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Sir Ian McKellen weighs in on the 2016 Oscars debate

For Cailyn Cox, writing isn't just a hobby, it's her life. Passionate about Hollywood, she makes it her mission to find the most entertaining celebrity gossip for SheKnows readers. And when she's not enthralled in the celeb world, she's ...

The Oscars aren't just racist, they're also bigoted — according to one veteran actor

From SheKnows UK

The 88th Academy Awards have already come under fire for under-representing minority ethnicities, and Sir Ian McKellen has highlighted another diversity issue with the awards ceremony: the fact that no gay actors are represented.

More: Jada Pinkett Smith explains why she's boycotting the Oscars

McKellen agreed with black actors (some of whom have called for a boycott of the ceremony), saying they were "being ill-treated and underestimated", but stated that the lack of diversity went beyond race.

"No openly gay man has ever won the Oscar. I wonder if that is prejudice or chance", he said at the British Film Institute in London, The Guardian reports.

McKellen is a veteran actor whose accomplishments have not gone unnoticed, and he has twice been nominated for an Academy Award — Best Actor for God and Monsters (1998) and Best Supporting Actor for The Lord of the Rings: The Fellowship of the Ring (2002). He planned to include the words, "I'm proud to be the first openly gay man to win the Oscar" in his acceptance speech, but on both occasions he lost out to other actors.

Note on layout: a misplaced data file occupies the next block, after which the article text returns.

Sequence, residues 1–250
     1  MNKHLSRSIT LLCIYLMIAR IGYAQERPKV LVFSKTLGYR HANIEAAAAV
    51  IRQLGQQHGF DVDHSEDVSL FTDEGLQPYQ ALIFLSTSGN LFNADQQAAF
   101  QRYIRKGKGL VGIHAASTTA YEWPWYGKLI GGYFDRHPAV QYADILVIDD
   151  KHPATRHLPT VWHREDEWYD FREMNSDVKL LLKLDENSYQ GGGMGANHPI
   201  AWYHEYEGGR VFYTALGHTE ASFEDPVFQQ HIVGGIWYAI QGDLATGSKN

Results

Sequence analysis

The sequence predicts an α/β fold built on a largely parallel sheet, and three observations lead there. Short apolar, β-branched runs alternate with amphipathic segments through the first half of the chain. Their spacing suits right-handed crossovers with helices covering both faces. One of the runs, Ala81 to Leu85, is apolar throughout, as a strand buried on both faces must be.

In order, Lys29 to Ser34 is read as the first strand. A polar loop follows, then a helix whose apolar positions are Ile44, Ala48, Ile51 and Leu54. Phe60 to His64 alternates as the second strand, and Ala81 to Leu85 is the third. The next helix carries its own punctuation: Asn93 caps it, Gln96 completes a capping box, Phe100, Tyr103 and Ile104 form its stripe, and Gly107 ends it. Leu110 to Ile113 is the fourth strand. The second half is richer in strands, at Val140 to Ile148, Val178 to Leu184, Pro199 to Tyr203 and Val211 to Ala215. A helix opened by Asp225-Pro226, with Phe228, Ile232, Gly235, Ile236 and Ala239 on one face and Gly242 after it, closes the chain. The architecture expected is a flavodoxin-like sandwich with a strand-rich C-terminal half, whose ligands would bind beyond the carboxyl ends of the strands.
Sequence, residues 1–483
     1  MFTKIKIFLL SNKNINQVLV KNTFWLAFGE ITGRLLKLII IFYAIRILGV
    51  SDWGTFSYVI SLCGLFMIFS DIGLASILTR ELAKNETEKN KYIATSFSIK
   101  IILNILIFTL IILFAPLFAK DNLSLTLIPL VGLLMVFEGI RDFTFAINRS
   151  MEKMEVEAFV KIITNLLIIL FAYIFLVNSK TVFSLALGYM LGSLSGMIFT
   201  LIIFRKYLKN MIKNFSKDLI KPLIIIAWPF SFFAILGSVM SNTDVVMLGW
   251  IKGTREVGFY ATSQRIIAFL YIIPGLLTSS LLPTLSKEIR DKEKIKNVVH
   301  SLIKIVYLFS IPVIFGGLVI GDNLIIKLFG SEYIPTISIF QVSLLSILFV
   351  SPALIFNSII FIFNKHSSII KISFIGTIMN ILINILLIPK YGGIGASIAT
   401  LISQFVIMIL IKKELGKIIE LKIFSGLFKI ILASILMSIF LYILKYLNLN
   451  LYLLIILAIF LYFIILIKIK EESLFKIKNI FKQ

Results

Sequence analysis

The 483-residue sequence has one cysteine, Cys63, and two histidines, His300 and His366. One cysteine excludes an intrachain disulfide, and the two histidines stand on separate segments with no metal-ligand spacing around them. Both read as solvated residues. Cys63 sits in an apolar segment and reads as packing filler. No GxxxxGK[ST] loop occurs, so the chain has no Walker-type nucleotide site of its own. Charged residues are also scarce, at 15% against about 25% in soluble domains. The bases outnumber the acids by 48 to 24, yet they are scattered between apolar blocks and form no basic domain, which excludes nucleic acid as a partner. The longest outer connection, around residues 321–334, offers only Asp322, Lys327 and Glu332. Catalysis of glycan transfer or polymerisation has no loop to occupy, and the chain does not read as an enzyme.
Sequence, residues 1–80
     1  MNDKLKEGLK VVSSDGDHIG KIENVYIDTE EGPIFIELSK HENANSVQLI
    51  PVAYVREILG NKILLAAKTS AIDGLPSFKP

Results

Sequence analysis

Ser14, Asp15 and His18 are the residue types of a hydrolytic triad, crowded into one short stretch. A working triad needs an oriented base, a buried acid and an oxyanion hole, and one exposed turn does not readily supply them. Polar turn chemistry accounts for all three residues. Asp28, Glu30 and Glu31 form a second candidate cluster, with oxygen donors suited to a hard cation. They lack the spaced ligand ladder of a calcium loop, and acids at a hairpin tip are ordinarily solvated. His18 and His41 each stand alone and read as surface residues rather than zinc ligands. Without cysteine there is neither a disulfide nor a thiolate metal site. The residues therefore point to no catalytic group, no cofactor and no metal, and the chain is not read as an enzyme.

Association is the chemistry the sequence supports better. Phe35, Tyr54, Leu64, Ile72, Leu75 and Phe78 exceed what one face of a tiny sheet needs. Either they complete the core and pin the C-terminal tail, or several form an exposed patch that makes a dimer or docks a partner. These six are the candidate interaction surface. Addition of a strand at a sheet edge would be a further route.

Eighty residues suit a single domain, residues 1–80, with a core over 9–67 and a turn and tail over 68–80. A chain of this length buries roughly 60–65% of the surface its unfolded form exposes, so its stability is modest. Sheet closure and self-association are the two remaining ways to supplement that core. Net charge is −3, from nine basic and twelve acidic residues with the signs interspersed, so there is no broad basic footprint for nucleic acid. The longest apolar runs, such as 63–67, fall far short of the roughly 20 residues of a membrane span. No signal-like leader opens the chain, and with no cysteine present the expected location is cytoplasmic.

While no openly gay actors have picked up an Oscar, these three actors have won the award for portraying homosexuals on screen: Tom Hanks, Philip Seymour Hoffman and Sean Penn.

More: 2016 Oscar nominations: Lady Gaga could win an Oscar, but not for Best Actress

"How clever, how clever", McKellen remarked. "What about giving me one for playing a straight man?"

Jodie Foster, although revealing her homosexuality only in 2013, has won two Oscars in her career: for The Accused (1988) and for The Silence of the Lambs (1992), both for Best Actress in a Leading Role.

According to The Telegraph, McKellen drove home his point by stating that there needs to be reformation within the Academy.

More: Gina Rodriguez calls out fellow Latinos for lack of support (PHOTO)

"I think you have to live in Hollywood, where the Oscars mean so much more than they do elsewhere, to understand why people's feelings are running so high", he said.

"And the fact that black people feel under-represented in studio movies and big movies, well, it's what women thought for a long time, it's what gay people like myself still think..."

Do you agree with Ian McKellen's views? Let us know in the comments below.

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